This course offers an overview of the most important trends and movements in twentieth-century literature: Modernism, Postmodernism, and the rise of so-called Postcolonial literatures. We will read the works by some of the century's most celebrated British and American authors and also (since twentieth-century culture is increasingly an international affair) by writers from such places as France, Nigeria, South Africa, and the Caribbean. Our texts will raise some of the following questions: Can art accurately represent the modern world, especially if the world is constituted by different peoples' ways of seeing it? Can one live meaningfully in modern cities? Does individual life matter any more in an age of mechanized warfare and mass slaughter? How does one narrate a life that has become saturated with mass-mediated images and information? What has European civilization meant for non-Europeans? What is the relationship between literature and mass culture? What happens to "real life" when all you do is shop?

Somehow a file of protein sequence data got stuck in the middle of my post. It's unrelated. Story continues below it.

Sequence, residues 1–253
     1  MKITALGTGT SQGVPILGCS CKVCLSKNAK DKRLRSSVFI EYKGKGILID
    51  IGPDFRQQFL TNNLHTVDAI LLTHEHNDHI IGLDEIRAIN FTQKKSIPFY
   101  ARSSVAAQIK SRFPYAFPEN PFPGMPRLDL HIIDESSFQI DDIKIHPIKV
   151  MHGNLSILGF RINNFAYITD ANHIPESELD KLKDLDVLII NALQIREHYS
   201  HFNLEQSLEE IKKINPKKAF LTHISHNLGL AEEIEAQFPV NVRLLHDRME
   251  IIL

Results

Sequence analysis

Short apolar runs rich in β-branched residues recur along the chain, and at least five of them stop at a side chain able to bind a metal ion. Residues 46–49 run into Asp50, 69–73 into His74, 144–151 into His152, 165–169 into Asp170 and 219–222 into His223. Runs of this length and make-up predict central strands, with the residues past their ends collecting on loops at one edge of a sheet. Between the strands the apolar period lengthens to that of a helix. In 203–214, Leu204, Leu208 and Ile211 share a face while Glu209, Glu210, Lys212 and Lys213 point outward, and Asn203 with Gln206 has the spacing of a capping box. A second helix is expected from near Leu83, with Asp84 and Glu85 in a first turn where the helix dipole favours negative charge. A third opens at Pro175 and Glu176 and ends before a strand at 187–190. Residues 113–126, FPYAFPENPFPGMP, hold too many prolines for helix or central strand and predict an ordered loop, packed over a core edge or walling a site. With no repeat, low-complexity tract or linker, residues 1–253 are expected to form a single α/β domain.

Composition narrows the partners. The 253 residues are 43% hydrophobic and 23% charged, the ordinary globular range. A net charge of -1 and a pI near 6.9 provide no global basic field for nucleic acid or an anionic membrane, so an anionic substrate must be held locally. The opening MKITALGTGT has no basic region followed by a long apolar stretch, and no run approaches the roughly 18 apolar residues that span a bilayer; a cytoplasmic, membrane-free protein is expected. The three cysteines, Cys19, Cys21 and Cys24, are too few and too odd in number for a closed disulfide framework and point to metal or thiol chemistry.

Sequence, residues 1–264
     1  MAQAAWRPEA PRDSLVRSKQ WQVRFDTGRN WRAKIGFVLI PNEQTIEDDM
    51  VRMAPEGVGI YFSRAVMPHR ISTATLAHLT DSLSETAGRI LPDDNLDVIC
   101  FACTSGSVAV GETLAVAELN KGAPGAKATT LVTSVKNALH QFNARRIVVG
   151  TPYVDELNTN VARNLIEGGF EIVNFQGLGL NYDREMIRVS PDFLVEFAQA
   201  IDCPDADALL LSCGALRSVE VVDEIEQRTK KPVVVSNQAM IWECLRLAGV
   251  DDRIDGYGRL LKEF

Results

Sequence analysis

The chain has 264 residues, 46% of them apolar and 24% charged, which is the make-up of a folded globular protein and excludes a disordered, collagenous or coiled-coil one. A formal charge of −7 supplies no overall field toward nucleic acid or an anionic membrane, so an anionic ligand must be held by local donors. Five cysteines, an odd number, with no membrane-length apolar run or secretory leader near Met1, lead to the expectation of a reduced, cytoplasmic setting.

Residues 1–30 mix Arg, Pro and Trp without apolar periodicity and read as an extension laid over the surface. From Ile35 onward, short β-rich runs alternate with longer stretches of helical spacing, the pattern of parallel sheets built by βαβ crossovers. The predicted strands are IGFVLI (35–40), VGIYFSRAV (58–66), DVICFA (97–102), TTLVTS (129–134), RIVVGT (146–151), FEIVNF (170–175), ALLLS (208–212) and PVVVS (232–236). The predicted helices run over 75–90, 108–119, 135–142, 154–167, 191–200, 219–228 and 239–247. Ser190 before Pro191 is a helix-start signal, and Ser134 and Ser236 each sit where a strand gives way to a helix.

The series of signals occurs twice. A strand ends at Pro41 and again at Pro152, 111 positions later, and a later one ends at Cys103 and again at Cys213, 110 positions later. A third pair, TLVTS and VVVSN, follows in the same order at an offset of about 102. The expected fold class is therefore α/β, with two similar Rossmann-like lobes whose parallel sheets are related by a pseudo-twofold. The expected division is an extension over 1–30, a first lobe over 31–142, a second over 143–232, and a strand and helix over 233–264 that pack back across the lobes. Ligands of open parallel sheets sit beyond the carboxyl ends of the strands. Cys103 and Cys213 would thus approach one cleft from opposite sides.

The reading list is likely to include several of the following texts: Faulkner AS I LAY DYING; Hemingway, IN OUR TIME; West, MISS LONELYHEARTS; Kafka, THE TRIAL; Conrad, THE HEART OF DARKNESS; Achebe, ARROW OF GOD; Rushdie, EAST/WEST; Coetzee, WAITING FOR THE BARBARIANS; Auster, CITY OF GLASS; Nabokov, LOLITA; Perec, THINGS; and DeLillo, WHITE NOISE. The course will also include some discussion of paintings, films, and advertisements.
While students from all disciplines and departments are welcome in this course, they should know in advance that some of the works will be difficult (Kafka and Faulkner, for instance, are notoriously obscure) and disturbing. This course is not for people who just want a light cultural suntan and will be offended by books that address things like torture, pederasty, and sick jokes! The reading load is fairly heavy (one book per week). Mid-term essay, 5-7 pp; final essay 6-8 pp. and possible final exam, depending on quality of class participation and attendance.